The last thing we want to mention here is the new preview feature that wasn't a part of the VUDU box back when we tried it. The cool thing is that you can sample most -- but not all -- of the movies and TV shows before committing to pay to watch it. The problem is that rather than show you an actual trailer of the movie or a specific sample that is a good example of the feature, it just shows you the first minute of the movie. This obviously doesn't always work as it might just be beginning credits, instead of something that will help you decide if you want to pay to watch the movie.
We'd also like to note that during our testing we checked out a variety of HDX content, but we only had time to watch one movie all the way through. The good news is that the overall experience was enjoyable, but the bad news is that the movie stopped a few times to rebuffer. This is really puzzling and concerning to us because we were able to verify FiOS was delivering the full 20Mbps to the BD390, and VUDU's bandwidth indicator always showed the full three bars. We just can't believe that this is normal, and are sure that VUDU is working diligently to ensure HDX streaming works, but it is something to consider as a pause in the action at the wrong time can really ruin a movie. We did ask VUDU what the deal was, and received a prompt response that it was a known issue in the early release build we were given, and unfortunetly we didn't get the fixed version -- that users are getting today -- in time.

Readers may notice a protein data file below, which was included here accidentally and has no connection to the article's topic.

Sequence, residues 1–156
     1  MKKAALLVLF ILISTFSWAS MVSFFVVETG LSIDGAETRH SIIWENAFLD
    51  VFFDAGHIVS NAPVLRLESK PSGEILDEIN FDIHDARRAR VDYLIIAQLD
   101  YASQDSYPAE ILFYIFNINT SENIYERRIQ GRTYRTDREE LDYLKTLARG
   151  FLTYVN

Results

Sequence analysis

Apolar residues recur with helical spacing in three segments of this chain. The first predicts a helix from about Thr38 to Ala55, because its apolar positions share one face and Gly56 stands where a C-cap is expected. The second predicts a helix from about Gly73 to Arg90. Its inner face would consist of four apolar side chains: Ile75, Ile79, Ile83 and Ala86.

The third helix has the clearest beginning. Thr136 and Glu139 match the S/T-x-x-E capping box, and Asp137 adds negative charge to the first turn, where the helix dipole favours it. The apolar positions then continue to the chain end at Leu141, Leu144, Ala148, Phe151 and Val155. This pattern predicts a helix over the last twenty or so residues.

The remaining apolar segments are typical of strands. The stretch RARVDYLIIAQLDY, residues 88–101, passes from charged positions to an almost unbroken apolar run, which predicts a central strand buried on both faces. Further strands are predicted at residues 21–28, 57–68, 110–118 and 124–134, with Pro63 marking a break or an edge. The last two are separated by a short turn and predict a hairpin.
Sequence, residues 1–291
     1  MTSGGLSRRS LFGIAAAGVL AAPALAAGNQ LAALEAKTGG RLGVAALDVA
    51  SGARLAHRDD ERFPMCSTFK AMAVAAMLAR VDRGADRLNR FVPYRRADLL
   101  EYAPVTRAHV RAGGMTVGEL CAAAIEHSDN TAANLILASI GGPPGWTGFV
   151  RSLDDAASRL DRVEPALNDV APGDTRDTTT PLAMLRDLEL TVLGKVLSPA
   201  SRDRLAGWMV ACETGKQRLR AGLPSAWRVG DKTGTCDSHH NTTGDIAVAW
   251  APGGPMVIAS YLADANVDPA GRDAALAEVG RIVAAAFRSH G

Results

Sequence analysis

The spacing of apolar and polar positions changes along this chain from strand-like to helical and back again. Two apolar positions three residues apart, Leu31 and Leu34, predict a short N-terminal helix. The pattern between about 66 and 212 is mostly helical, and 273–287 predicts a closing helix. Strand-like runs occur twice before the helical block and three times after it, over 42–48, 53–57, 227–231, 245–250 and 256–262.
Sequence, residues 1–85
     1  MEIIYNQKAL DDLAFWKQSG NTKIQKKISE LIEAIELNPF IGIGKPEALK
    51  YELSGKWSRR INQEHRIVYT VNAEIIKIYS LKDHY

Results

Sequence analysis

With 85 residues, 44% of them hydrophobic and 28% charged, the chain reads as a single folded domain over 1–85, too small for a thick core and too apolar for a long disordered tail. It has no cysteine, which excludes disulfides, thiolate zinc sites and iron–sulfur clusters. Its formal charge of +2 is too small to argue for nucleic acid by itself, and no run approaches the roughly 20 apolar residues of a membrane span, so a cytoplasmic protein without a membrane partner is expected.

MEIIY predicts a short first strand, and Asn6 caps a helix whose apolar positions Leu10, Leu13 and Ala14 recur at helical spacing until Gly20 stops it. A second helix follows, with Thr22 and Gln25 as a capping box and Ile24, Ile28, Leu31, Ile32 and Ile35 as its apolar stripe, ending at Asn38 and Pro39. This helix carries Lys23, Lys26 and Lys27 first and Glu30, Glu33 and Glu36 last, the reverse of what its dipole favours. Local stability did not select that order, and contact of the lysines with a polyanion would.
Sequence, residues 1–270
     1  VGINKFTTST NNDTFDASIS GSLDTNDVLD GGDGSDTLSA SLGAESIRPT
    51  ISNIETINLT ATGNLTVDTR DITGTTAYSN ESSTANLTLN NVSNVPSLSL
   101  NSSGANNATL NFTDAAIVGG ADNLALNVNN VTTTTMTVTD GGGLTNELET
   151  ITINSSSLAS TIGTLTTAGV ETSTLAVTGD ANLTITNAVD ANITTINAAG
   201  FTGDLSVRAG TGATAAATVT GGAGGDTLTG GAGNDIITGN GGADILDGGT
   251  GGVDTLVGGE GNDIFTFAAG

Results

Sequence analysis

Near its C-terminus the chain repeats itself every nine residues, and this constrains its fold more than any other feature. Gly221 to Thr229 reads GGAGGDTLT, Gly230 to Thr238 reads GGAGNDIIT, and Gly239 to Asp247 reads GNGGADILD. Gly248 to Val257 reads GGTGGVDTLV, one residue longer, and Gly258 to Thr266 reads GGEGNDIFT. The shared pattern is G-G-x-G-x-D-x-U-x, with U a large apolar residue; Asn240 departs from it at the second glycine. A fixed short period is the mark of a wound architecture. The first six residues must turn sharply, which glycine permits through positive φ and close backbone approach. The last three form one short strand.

Your movie viewing options
VUDU is actually a pretty good supplement to both Blu-ray and Netflix Watch Now. We say that because all three services seem to have HD content that you can't get anywhere else. Of course it would be nice if you could just choose one, but you really can't complain about having more options. So maybe you rent Blu-ray Discs from Netflix or Redbox, but when the latest title isn't getting to you fast enough, then you could hit up VUDU to watch something without waiting -- or for adult content. Then if you wanted to catch up on your favorite HD show, you switch over to Netflix Watch Now and stream that -- of course the big problem with Netflix streaming for movies, and even TV, is that Netflix doesn't offer surround sound. So the fact that the BD390 offers all three of these great sources of HD is pretty compelling, add in the fact that the player supports MKV so you can playback other HD content you might have, and you pretty much have access to more high quality HD content then you have time to watch.
The bottom line here is that VUDU to the BD390 is a nice addition as owners now have a another source for HD content. Now because of VUDU's price and selection, we doubt anyone would use this as their primary source of HD content, but it does supplement Blu-ray better than any other streaming service. We would like to mention that if you're mostly interested in TV shows, just move along as the HD shows selection on VUDU is pretty pathetic. But to sumerize is in one nice and clean statement; Blu-ray is still our favorite source of HD, but HDX on VUDU is really the only acceptable source of on demand HD content available right now. Which means that now that we can access the content without yet another set-top-box, we look forward to using it.